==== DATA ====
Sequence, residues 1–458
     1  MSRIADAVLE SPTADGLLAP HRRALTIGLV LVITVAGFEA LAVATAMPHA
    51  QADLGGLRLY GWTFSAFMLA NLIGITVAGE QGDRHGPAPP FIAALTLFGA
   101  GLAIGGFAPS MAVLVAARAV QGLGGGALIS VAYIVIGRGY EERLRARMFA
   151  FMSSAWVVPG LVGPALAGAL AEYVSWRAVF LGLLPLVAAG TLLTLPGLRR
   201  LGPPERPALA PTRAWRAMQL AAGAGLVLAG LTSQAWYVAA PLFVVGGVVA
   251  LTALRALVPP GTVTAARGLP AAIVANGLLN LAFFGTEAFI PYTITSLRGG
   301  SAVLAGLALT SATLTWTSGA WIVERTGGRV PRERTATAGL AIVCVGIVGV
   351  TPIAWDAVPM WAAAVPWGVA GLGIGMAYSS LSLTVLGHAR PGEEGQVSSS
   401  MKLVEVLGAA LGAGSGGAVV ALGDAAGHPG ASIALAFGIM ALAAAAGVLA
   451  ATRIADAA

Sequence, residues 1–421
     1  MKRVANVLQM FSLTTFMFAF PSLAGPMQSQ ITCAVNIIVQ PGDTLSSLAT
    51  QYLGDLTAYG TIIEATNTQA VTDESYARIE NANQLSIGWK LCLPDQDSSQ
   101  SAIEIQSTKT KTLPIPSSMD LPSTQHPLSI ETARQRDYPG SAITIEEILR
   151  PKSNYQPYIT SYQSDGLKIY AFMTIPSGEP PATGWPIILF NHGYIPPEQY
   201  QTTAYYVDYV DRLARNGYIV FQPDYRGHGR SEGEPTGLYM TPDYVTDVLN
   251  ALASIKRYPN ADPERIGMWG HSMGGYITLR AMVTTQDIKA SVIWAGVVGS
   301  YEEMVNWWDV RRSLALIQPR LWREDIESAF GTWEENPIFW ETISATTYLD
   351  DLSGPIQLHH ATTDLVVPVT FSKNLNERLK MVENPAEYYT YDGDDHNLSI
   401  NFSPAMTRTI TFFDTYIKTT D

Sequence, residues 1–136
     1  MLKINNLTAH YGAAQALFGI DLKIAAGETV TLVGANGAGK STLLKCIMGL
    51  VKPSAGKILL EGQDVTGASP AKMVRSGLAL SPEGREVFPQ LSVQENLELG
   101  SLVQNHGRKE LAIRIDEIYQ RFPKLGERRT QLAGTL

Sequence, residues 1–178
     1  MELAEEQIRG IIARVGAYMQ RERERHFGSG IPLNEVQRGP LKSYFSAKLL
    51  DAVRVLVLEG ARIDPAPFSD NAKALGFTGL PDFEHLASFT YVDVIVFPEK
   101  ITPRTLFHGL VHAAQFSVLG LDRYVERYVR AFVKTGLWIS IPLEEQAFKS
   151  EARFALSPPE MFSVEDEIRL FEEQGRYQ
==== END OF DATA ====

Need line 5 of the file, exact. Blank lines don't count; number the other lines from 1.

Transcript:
   151  FMSSAWVVPG LVGPALAGAL AEYVSWRAVF LGLLPLVAAG TLLTLPGLRR